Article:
antenna
TRM55971.00
s/n 30213962
[mm] N
E
Bonn
0.71 0.27
Geo++ 1.01 -0.27
NGS
1.25 -0.31
U
67.70
67.70
67.46
N
E
Bonn -0.03 0.50
Geo++ -0.25 -0.19
NGS
-0.12 -0.17
U
58.89
58.34
59.74
Angles in antenna frame
Single Difference Phase
Composite
sampling
after all
four
directions
N
E
U [mm]
0.28 -0.04 119.40
0.26 0.83 118.20
We provide NGS PCO values from the individual calibration of the serial
number shown on the photo, to demonstrate the NGS method’s ability to
correctly recover PCO. However, all further comparison (plots to right) are
after shifting NGS values to use the published IGS PCO.
Pre-Edit Phase
Test antenna moves
Geodetic Survey, NOAA/NOS, Boulder CO; corresponding author: [email protected]
1National Geodetic Survey, NOAA/NOS, Silver Spring, MD
3National Geodetic Survey, NOAA/NOS, Corbin VA
Results
Calibrations are a required input for many
GNSS data processing packages
A full calibration is the sum of
two different components:
• PCV (phase center
variations)
Method
1National
PCV (elevation and azimuth
angle)
Test
antenna
Because this antenna
model does not have
chokerings, we expect
results to be more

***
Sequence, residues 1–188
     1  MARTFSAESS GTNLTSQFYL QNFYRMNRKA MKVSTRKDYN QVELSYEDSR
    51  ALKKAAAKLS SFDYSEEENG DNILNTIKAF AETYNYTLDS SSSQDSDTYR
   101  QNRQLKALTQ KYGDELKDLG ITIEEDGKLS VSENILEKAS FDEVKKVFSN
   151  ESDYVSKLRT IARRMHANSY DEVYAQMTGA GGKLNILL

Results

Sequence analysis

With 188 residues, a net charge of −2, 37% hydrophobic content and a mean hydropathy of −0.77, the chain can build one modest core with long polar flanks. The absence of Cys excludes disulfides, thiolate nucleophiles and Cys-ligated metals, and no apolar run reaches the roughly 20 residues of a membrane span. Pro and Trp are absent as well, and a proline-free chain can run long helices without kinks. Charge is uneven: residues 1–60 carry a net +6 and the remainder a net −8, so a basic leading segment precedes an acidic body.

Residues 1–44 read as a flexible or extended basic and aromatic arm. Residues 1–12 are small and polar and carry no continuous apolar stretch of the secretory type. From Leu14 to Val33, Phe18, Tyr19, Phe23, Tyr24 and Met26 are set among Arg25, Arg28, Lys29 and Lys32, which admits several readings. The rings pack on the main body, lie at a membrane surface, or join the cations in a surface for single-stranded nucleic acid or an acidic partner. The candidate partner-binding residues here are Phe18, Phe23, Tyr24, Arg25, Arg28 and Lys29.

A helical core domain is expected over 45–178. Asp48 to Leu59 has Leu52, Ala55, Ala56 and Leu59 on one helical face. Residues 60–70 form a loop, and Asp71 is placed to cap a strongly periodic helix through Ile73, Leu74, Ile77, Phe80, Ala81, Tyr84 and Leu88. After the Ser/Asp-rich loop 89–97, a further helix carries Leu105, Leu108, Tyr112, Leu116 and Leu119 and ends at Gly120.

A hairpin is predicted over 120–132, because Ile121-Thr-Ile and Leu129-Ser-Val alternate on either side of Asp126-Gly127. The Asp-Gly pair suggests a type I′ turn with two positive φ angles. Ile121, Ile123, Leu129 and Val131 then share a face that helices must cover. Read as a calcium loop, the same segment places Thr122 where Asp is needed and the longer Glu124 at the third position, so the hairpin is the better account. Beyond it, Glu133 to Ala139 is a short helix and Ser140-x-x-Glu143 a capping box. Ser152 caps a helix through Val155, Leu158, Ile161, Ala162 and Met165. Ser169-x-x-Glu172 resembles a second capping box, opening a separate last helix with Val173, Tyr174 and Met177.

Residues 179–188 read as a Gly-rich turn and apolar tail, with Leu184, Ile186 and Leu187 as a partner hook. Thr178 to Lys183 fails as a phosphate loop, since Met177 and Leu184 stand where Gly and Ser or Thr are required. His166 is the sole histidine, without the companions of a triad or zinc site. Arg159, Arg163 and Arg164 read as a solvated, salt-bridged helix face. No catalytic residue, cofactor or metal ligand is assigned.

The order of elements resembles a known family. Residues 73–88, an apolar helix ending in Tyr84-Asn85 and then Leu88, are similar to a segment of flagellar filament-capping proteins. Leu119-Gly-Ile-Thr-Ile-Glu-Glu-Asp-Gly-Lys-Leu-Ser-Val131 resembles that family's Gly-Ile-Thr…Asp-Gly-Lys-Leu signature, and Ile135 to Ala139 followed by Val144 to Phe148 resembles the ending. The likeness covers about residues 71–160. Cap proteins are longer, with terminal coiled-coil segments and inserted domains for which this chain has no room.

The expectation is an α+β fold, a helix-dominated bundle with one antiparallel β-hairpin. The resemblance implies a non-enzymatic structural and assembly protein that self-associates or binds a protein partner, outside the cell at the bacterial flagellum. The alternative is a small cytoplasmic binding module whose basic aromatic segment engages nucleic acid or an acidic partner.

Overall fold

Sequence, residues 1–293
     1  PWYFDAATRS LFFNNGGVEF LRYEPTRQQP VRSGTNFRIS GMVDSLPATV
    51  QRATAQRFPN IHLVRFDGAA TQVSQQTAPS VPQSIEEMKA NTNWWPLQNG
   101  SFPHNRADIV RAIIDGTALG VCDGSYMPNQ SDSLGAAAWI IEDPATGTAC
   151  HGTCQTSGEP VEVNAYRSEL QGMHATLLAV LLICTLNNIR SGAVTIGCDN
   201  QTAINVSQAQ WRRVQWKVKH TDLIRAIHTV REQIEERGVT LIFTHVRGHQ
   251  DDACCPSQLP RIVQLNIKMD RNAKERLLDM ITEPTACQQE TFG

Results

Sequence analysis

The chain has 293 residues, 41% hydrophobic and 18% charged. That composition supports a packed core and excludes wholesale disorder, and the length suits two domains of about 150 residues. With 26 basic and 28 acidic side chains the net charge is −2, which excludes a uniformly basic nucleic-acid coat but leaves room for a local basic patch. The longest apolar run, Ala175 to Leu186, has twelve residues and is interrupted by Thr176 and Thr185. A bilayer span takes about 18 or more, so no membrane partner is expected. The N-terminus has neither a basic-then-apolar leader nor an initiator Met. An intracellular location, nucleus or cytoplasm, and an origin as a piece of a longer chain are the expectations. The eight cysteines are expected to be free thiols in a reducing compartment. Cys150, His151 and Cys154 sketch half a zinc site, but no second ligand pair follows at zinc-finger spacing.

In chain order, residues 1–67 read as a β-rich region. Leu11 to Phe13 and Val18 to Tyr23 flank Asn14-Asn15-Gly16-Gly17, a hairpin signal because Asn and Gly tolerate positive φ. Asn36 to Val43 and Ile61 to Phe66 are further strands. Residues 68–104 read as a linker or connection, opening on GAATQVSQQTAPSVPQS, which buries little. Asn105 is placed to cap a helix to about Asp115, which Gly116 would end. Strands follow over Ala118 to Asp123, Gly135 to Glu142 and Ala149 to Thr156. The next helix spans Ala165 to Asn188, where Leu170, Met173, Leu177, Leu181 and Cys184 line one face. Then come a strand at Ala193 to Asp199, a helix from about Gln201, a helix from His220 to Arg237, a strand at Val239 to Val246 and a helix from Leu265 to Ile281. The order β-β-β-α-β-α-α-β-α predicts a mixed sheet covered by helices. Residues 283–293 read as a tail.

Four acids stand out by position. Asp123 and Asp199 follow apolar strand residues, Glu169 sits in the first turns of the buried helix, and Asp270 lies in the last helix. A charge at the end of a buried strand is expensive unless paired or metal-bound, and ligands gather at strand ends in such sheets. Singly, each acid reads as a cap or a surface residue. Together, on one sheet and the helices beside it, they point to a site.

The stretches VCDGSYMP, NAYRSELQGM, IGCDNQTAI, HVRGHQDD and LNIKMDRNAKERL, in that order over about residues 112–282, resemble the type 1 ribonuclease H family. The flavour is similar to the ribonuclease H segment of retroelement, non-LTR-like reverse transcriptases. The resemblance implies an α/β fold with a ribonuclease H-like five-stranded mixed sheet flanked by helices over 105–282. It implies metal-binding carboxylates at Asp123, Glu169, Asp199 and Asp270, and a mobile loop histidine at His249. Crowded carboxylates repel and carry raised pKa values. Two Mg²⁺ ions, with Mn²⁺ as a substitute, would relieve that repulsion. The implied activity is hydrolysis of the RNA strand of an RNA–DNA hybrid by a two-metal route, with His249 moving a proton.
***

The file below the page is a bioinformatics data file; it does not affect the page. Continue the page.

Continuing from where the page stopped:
sensitive to
environmental effects
such as multipath.
Even with this
expectation, the
different methods have
excellent PCO
agreement and PCVs
agree at < 2mm level.
(left) NOAZIM elevation-only PCV profile. (right) differences between solution pairs.
All results have been shifted to use common PCO values.
Conclusions
 Favorable individual comparison to
IGS published values and other
calibration institutions is demonstrated
 Solid methodology and testing facility
are in place
 Able to compute type means from 3-5
samples (not shown)
Small discrepancies remain for some
antenna models = area of active
research
Next Steps
 Finalize IGS Antenna Working Group
approval
 3-method comparison with Bonn
chamber and Geo++ robot is ongoing
 final results to be presented at IGS
Workshop in July 2012
 Set permanent piers for calibration
baseline
 Add capabilities to software
 Integrated antenna + receiver units
 GLONASS
Histogram of full (azimuth and elevation-dependent) PCV
differences between solution pairs. Black vertical bars in histogram
denote 1mm and 2mm bounds.
References &
Acknowledgements
Bilich A and GL Mader, GNSS Antenna
Calibration at the National Geodetic Survey,
Proceedings of ION GNSS 2010, Portland,
OR, September 2010, pp. 1369-1377.
The authors thank many people at NGS (Steven
Breidenbach, Hong Chen, Kendall Fancher, David
Geitka, Heeyul Han, Dennis Lokken, Frank
Marion, Jaya Neti, Giovanni Sella, Bruce Tran,
Jarir Saleh, and Mark Schenewerk) and the IGS
Antenna Working Group (Ralf Schmidt, Phillip
Zeimetz, Martin Schmitz for contributions to this
project.
Please
see
our
website
at
http://www.ngs.noaa.gov/ANTCAL for more
information